When it comes to email marketing, understanding how to design an email signature is crucial. These signatures serve as a cost-effective way to re-engage with your current customers. Successful businesses have realized the underestimated potential of their email signatures in conveying information about new products, services, and promotions.
Instead of regarding email signatures solely as contact information, see them as tools for raising awareness about the value-added services and products your business offers. Let’s explore ways to revamp your email signature, making it more effective and showcasing your business to a broader audience.
Design with Mobile in Mind
Ignoring the mobile aspect of email signatures can have consequences. According to Campaign Monitor, a staggering 70% of people read their emails on mobile devices. Therefore, it is imperative to test how your email signature displays across various screen sizes.
Contrary to common belief, email signatures aren’t universally compatible across all email clients, much like web browsers. Email clients employ distinct HTML rendering engines, leading to variations in how signatures are displayed. Additionally, mobile and tablet screens are smaller than desktop screens, so limit the width of your signature to ensure it remains legible and clear. Vertical layouts tend to work better on slim mobile and tablet displays.
Include Only Essential Details
Include information critical to your business and the services or products you offer. For instance, a plumber providing a “to you” service should mention the areas they serve and the services they provide. Conversely, an accountant might focus on contact details, formal qualifications, and office location.
Your email signature should always contain essential contact information, such as:
Avoid including non-essential details, as they can divert attention from crucial information your customers need.
Fonts can significantly influence the appearance of your email signature. The wrong font choice can make the signature hard to read or miscommunicate emphasis. Stick to your brand guidelines when designing your signature. If you lack brand guidelines, consider using the same font from your logo or website to maintain consistency.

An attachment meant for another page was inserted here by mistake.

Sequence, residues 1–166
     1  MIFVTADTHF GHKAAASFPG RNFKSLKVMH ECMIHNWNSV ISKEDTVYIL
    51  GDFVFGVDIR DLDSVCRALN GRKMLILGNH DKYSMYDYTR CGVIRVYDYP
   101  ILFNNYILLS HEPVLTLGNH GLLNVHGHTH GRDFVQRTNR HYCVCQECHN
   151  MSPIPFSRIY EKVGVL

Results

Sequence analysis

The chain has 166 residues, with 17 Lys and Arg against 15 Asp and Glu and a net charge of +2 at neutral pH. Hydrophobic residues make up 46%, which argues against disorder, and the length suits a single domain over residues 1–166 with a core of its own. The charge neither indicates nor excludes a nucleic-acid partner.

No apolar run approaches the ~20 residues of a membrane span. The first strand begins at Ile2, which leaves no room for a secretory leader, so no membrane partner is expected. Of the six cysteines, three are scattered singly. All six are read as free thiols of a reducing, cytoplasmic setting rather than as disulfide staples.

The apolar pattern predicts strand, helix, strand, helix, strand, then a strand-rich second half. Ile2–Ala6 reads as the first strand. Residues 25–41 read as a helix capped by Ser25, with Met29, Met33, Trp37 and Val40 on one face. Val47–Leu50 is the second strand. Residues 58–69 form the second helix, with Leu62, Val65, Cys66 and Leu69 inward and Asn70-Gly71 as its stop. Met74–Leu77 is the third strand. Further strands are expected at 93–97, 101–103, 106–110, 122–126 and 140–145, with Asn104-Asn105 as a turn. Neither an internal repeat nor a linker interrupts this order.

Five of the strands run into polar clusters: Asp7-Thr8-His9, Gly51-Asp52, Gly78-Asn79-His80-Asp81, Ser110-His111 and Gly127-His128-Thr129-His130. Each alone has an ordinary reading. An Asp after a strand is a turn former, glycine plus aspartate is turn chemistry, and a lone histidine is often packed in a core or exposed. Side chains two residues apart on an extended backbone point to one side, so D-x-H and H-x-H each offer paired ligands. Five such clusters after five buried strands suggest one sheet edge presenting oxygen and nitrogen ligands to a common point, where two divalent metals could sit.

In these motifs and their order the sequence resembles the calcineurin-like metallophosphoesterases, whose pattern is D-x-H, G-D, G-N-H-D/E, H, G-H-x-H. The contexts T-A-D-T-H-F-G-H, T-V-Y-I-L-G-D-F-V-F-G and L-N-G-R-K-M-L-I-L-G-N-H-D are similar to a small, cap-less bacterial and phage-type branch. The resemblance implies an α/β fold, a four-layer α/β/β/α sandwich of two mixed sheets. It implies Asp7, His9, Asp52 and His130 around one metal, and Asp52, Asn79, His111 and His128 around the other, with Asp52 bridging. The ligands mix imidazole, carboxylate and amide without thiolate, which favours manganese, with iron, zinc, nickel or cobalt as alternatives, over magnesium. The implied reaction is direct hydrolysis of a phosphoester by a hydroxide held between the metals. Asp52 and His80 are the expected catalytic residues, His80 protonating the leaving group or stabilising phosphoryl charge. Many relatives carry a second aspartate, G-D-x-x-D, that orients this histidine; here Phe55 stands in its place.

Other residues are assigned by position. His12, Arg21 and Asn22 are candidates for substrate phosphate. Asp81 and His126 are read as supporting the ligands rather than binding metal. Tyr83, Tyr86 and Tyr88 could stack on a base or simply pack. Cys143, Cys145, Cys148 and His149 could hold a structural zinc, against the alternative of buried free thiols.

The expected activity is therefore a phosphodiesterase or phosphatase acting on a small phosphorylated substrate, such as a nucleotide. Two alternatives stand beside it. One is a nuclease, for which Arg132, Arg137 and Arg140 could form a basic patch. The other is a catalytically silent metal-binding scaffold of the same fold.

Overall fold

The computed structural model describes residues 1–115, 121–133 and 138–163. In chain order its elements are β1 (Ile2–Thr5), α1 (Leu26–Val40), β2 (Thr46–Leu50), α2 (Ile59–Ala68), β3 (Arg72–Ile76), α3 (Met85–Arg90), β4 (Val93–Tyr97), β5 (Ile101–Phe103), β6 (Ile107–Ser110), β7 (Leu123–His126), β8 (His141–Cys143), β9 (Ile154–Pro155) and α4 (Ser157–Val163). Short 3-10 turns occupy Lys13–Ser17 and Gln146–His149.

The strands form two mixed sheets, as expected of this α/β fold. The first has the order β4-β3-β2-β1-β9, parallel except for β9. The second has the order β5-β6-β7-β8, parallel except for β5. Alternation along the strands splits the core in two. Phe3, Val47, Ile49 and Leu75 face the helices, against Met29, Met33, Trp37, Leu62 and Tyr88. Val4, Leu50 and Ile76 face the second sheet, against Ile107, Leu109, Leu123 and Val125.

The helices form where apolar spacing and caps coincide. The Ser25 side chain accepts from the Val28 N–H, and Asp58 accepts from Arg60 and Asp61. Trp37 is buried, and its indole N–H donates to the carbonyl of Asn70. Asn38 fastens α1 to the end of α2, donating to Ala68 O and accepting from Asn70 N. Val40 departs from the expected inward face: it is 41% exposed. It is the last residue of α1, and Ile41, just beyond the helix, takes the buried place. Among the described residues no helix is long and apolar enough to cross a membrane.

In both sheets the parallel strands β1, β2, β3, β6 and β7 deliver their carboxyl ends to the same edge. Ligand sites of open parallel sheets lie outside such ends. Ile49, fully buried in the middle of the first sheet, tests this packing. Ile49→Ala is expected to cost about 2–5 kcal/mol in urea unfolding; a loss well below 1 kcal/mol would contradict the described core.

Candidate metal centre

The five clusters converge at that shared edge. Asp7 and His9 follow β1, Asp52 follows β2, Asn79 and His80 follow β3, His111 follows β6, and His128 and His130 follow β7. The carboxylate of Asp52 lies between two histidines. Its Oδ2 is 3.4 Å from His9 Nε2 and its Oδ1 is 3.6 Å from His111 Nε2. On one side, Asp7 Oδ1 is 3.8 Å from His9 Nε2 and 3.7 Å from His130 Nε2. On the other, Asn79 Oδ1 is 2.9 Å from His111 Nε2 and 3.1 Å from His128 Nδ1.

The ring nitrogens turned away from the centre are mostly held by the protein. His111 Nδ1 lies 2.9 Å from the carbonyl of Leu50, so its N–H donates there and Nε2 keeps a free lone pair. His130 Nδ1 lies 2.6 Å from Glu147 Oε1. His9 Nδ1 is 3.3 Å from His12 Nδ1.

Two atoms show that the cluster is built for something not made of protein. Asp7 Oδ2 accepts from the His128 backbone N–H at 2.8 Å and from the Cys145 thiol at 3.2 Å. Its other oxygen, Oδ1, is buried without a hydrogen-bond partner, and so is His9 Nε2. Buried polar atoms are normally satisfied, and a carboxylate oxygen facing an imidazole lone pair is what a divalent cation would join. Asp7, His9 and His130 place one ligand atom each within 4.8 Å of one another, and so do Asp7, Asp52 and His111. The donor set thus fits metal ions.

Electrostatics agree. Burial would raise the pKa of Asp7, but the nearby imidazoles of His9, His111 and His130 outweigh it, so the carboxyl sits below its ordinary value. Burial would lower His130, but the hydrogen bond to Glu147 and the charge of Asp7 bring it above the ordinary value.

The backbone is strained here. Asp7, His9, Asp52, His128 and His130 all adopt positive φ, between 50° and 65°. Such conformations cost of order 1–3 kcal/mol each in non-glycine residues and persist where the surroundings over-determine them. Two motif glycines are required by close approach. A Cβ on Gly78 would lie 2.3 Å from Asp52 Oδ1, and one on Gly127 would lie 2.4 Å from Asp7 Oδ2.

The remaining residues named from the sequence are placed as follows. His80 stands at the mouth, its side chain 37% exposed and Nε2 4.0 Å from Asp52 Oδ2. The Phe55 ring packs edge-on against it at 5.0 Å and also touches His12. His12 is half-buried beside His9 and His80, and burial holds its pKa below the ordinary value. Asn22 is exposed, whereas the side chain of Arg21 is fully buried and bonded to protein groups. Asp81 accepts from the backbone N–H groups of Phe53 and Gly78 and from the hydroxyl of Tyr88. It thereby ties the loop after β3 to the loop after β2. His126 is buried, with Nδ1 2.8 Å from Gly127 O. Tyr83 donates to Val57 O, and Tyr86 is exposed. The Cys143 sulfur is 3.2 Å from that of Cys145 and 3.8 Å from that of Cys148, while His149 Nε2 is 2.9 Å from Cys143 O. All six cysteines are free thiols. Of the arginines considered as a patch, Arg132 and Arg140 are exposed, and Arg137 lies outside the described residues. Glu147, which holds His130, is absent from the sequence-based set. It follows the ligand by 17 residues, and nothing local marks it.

Choose Colors Wisely
Similar to fonts, limit your color selection to 2-3 different colors at most. Staying consistent with your brand’s color scheme is crucial. Failing to do so can result in your logo looking out of place and your email signature appearing generic, potentially harming your brand image.
Use High-Quality Images
For sales or account managers who interact personally with clients, adding a profile picture can add a personal touch to your email signature. Ensure you use professionally taken, high-quality images. Both PNG and JPEG formats work well with email clients. If your logo has a transparent background, save it as a PNG to avoid a white background.
Pay Attention to Element Spacing
Maintain consistency in line and image spacing to improve readability. Consistent spacing gives your email signature a professional and clean appearance and helps clients find vital contact information easily.
Be Aware of Size
Consider both the pixel size (physical screen size) and file size (in kilobytes) of your email signature. For mobile and tablet devices, aim for a narrower design due to smaller screens, approximately 320px (width) x 600px (height). For desktop devices, a slightly wider signature at 700px (width) x 300px (height) works well.
When it comes to file size, strive to keep your signature under 50kb. Large email signatures can consume valuable server space and affect email delivery.
Test Your Signature
Email signature compatibility varies across different email clients. To ensure your signature looks perfect on all popular email clients, conduct tests. Send emails with your signature to various email clients, including Outlook, Gmail, Live, MAC Mail, Firebird, Apple iPhone, and Android. Solicit feedback from friends and family using these clients to get a clear idea of how your signature displays.
Things to Avoid
- Don’t clutter or overcomplicate the design. Simple, clean designs are more effective.
- Be cautious when using GIF animations, as they are not supported by many email clients.
- Avoid using inspirational quotes unless they serve a specific purpose, such as a testimonial or a quote from the CEO.
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